Prisons Need to Act Now to Protect Inmates From Corvid-19

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Corvid-19 or the Corona virus is spreading rapidly throughout the United States. Schools are being closed. Public officials are encouraging individuals to engage in “social distancing,” to work from home, and to limit non-essential travel. These efforts will hopefully slow the spread of Corvid-19 and ease the burden on the U.S. healthcare system.

Unfortunately, the US jail and prison population is at high risk. This risk is even higher for the many of people with disabilities in US jails and prisons.

Jails force inmates to live in close quarters,
increasing the risk of infection. 

Louisiana prisons often operate understaffed and under-supplied. Prison and jails have populations that are housed in close proximity with limited-or-no ability to engage in “social distancing.” The staff employed by prison officials in Louisiana generally have limited healthcare knowledge. The medical units at most Louisiana prisons are typically understaffed. Further, many of the staff at Louisiana prisons have themselves faced discipline and not permitted to work anywhere but at prisons. It is little surprise that medical care at Louisiana prisons can be shockingly inadequate. In February of 2020, a federal judge ruled that parts of the prison care at Louisiana State Penitentiary in Angola, Louisiana are inadequate and unconstitutional.

Here at Bizer & DeReus, we successfully litigated against the East Baton Rouge Parish Prison for failure to provide adequate medical care and disability-related accommodations. In a recent ruling, the Court found that our client:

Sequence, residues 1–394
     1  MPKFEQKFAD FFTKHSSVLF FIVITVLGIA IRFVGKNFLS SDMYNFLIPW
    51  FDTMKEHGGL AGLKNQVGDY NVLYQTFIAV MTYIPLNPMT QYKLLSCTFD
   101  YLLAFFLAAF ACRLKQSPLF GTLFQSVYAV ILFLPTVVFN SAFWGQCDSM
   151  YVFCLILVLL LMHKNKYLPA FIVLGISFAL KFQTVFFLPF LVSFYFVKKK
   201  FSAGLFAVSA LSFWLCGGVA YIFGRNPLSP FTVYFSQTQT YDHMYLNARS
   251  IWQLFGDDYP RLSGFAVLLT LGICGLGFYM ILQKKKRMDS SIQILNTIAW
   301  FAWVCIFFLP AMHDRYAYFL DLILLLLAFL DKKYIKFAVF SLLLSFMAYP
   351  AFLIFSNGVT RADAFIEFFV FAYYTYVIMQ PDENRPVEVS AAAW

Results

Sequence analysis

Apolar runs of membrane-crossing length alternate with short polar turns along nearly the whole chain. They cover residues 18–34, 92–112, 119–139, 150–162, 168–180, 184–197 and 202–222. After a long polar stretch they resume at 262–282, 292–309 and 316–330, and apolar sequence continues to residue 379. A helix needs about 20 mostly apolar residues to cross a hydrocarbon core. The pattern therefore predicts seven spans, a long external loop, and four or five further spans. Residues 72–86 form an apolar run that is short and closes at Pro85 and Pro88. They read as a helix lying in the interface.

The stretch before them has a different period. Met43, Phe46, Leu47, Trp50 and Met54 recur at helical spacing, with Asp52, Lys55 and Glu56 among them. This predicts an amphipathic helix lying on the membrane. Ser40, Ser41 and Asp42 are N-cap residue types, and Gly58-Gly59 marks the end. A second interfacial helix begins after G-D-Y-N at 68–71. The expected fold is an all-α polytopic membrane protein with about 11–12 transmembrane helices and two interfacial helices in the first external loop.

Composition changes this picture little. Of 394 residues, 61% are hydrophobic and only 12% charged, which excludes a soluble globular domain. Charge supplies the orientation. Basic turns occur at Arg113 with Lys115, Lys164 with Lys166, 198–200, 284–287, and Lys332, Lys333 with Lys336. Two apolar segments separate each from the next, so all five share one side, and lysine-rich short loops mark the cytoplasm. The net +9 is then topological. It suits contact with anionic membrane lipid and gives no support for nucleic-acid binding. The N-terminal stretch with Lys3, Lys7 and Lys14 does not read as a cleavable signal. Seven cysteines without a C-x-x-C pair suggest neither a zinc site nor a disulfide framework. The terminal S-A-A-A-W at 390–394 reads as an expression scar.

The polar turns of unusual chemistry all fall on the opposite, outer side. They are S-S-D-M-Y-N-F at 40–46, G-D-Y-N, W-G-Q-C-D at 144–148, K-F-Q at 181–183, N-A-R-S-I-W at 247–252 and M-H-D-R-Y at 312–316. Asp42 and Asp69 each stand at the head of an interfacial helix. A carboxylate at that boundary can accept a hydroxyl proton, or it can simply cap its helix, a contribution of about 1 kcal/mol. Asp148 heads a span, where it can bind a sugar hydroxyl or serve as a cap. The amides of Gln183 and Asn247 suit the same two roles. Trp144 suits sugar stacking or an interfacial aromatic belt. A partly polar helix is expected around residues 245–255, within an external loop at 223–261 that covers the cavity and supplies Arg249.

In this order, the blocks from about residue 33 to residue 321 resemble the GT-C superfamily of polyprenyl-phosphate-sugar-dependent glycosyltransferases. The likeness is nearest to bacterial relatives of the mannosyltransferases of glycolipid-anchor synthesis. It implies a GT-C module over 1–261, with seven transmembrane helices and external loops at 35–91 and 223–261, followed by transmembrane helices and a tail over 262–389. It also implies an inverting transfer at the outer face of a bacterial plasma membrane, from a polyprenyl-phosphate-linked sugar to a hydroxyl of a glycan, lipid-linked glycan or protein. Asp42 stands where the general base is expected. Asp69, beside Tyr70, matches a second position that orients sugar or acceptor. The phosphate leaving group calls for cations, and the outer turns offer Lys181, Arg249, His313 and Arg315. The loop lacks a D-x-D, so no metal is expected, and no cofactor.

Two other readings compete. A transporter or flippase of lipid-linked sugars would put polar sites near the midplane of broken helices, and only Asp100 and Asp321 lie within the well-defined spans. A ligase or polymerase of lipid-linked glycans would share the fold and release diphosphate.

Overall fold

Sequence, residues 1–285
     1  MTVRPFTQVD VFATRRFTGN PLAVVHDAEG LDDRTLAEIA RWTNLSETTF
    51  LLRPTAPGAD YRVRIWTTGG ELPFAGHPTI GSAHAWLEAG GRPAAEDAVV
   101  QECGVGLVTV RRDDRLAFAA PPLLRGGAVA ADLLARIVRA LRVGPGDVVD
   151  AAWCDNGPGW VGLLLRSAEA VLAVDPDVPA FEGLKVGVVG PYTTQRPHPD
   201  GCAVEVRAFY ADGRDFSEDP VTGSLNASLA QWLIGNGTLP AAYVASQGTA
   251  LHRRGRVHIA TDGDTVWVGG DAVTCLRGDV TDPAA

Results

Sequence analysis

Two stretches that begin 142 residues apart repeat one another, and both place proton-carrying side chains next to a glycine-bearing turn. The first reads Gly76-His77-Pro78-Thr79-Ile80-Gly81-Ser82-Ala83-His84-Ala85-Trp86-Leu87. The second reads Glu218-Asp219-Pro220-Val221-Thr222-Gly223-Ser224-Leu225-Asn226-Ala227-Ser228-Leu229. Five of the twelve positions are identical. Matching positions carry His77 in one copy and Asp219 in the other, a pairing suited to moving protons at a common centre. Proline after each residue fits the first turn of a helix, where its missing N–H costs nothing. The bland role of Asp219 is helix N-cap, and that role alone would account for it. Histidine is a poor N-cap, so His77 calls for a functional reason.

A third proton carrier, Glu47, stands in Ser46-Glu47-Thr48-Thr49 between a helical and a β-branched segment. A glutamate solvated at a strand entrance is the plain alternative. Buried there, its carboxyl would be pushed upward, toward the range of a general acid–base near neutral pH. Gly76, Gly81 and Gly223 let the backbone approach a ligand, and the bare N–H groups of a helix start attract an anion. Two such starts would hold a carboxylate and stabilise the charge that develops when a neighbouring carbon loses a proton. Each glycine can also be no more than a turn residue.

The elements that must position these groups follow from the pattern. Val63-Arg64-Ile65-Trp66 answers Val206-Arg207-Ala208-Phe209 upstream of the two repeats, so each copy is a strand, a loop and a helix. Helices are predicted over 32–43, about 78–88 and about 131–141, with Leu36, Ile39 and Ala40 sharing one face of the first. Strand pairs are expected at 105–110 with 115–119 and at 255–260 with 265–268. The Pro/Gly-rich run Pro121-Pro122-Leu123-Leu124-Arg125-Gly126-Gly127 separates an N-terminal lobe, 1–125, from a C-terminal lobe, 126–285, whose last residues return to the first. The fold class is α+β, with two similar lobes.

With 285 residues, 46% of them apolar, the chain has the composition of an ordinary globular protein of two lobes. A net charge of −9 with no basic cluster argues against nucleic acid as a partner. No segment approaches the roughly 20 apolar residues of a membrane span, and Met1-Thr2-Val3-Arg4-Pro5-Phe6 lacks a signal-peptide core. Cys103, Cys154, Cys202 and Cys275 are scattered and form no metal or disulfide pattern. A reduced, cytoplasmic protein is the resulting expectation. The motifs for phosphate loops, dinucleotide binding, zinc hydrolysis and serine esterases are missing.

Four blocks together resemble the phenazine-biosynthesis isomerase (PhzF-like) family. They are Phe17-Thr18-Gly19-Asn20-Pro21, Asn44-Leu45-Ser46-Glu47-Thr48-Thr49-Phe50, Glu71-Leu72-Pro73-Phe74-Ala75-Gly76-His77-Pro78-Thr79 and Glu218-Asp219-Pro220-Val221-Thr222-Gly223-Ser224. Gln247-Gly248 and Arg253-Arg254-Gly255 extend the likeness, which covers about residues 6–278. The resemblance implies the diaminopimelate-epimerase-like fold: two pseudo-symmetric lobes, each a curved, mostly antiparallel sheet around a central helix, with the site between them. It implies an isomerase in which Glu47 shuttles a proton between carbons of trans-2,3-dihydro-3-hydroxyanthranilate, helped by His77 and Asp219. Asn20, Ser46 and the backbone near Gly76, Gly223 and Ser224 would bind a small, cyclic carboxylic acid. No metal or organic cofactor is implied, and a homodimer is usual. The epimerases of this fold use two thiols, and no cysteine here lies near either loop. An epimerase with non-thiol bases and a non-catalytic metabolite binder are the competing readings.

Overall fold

produced evidence sufficient to show that a reasonable jury could conclude that Mr. Mealey suffered cruel and unusual punishment due to inhumane conditions of confinement because of the lack of access to medical care at the Prison.

Mealey v. Gautreaux, No. CV 16-716-JWD-RLB, 2020 WL 515853, at *15 (M.D. La. Jan. 31, 2020)

Let that sink in: Before the Corvid-19 pandemic, a federal court found sufficient evidence for a Jury to conclude that an inmate at the East Baton Rouge Parish Prison suffered “inhumane conditions of confinement because of the lack of access to medical care at the Prison.” And that ruling was just one of many cases that have been filed against the owners and operators of the East Baton Rouge Parish Prison due because of the inadequate medical care and insufficient conditions of confinement.

From our research, it appears that there are numerous steps that prisons and jails should be taking, including but not limited to:

  • Releasing high risk inmates (the elderly, immunocompromised, etc.).
  • Screening all staff members for symptoms of Corvid-19 and not permitting staff members with symptoms inside the facility.
  • Referring all Corvid-19 patients to outside hospitals.
  • Updating policies and procedures to align with the CDC and WHO standards and immediately training all staff on those new policies and procedures.
  • Easing prohibitions against alcohol-based hand sanitizers.
  • Distribution of hand sanitizers, soap, and tissues.
  • Increasing access to hand washing stations and showers.

Jailers have a legal obligation to control the spread of infectious diseases within their facility. The Fifth Circuit Court of Appeals has made it clear that “prison officials face potential liability for failure to take adequate steps to control the spread of tuberculosis.” McCormick v. Stalder, 105 F.3d 1059, 1062 (5th Cir. 1997). Just as a prison official can face liability for failure to control the spread of tuberculosis, a widespread failure by prison officials to control the spread of Corvid-19 can result in liability.

Over the next few weeks, Bizer & DeReus will be closely monitoring the situation inside Louisiana prisons and jails. Bizer & DeReus will be making public records requests to the Louisiana Department of Corrections seeking copies of any plans/policies/protocols as to Corvid-19.

If you want information on the status of our investigation, please give us a call at 504-619-9999.

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